- Another study involving cyclists found that caffeine and carbs together improved endurance performance compared to just carbs or just water. The improvement was 9% better than the controls. (6)
- A study involving runners found that those who drank regular coffee first ran faster than those who drank decaf coffee. The coffee seemed to reduce the athletes’ perception of effort, which may explain the improved speed and endurance. (7)
Caffeine and Strength Training
Research into how caffeine impacts strength exercises is limited compared to the research conducted on endurance. The studies that have been conducted show mixed results. Some indicate caffeine improves power in large muscle groups but not smaller ones. (8)
As with cardio endurance studies, caffeine can also improve muscle endurance. In general, the evidence suggests that caffeine is most useful in strength training for endurance and for power exercises with big muscle groups.
Power and High-Intensity Exercises on Caffeine
Evidence from studies of high-intensity and power-focused workouts suggests that caffeine can be a benefit, but only for trained athletes. The benefits are minimal or non-existent for beginners.
One study of competitive cyclists found that caffeine improved power during anaerobic exercises. They performed leg and chest presses as well as Wingate tests, bike sprints that measure peak anaerobic power. The athletes lifted more weight and reached a higher peak power in the sprints when using caffeine as compared to placebo. (9)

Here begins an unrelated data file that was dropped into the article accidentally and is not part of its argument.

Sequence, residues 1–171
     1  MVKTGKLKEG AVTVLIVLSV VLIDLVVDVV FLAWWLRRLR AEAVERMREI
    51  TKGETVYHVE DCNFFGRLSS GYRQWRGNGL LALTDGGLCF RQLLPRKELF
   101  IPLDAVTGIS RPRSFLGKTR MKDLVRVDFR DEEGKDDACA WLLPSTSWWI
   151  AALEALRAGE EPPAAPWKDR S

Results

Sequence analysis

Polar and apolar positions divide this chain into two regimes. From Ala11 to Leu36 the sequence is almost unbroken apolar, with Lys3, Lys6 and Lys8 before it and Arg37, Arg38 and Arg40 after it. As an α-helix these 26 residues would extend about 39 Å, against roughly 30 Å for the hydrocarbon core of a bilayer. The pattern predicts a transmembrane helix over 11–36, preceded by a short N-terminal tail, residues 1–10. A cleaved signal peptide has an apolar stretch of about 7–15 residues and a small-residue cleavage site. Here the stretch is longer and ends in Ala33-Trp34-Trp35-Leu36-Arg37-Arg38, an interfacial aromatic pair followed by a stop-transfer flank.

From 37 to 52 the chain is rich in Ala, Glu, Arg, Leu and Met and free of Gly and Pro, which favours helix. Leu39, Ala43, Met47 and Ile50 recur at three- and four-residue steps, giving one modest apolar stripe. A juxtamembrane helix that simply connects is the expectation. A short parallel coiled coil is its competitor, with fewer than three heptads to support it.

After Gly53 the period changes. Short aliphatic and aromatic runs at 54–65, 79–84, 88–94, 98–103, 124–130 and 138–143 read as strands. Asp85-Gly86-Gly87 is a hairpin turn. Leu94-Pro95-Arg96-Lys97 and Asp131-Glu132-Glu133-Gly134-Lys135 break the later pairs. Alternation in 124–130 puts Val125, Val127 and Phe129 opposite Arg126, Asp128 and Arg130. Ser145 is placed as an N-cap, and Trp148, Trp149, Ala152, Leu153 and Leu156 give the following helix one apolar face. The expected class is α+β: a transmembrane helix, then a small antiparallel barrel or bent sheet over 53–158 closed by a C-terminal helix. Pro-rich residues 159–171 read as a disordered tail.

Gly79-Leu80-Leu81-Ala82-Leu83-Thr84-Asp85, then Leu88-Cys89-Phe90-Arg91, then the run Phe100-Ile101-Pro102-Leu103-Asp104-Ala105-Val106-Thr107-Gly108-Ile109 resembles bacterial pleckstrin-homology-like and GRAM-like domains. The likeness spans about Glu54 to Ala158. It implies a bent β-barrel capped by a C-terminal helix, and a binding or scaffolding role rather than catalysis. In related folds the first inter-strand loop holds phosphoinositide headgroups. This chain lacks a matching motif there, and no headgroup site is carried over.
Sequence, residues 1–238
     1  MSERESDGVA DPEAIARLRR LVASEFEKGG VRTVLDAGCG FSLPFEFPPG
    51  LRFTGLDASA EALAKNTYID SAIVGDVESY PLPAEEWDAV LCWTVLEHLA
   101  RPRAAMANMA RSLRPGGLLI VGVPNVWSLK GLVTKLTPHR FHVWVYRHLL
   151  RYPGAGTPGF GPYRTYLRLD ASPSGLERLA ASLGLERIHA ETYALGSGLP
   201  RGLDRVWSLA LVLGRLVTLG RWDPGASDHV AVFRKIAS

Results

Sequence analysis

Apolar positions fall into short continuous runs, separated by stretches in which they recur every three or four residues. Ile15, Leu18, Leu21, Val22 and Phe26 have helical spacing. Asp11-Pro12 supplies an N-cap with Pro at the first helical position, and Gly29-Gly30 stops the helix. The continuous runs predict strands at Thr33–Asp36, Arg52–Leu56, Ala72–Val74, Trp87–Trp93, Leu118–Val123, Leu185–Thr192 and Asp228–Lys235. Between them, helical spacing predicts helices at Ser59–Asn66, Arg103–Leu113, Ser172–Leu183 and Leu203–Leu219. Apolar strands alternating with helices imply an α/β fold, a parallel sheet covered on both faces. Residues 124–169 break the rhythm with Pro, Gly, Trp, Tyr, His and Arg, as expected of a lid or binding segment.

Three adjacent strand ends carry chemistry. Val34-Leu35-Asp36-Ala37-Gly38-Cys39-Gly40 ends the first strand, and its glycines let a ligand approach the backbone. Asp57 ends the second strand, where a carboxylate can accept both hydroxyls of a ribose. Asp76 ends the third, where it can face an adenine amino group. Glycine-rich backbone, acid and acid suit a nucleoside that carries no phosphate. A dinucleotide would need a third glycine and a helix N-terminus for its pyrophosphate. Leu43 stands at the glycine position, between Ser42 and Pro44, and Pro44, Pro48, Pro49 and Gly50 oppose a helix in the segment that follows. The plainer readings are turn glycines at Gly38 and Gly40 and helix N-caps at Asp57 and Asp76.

Another study looked at high-intensity team sports by giving rugby players either a placebo or a dose of caffeine supplement before testing game skills. The results indicated that those with caffeine performed better in all measures: sprinting speed, power generation in first and second drives, and passing accuracy. (10)
Caffeine and Fat Burn
Some of your clients may be interested in using caffeine as an aid to weight loss or for changing body composition. Many weight loss supplements have used caffeine as an ingredient for years. Research evidence suggests that caffeine does promote fat loss but alone does not contribute to long-term, overall weight loss.
Caffeine may be a useful supplement for weight loss if it is used along with other healthy habits, like exercise and a balanced diet. A study of obese and overweight participants included a restricted diet with high-caffeine green tea or placebo found that those receiving caffeine lost more weight. They lost weight through fat loss and because the hunger hormone, leptin, was suppressed. (11)
Research indicates that caffeine may help with weight loss and maintenance by reducing hunger and by increasing fat loss. Caffeine supplementation before and during exercise seems to increase calorie burn. Some suggest that caffeine helps spare glycogen, which forces the body to turn to fat for energy.
Learn more about caffeine and fat metabolism here.
Risks of Supplementing Caffeine for Performance or Weight Loss
All the benefits of caffeine supplementation seem promising, but no supplement, natural or not, is without risks and side effects. First, it’s important to realize that people react differently to caffeine. You may have a client who drinks five cups of coffee a day with no adverse effects. Another client may get jittery or nauseated after one cup.
As a personal trainer, you cannot recommend caffeine supplementation or any amounts. If you have a client interested in the benefit of caffeine for exercise and athletics, give them the information. They can then talk to their doctors about safe amounts to try.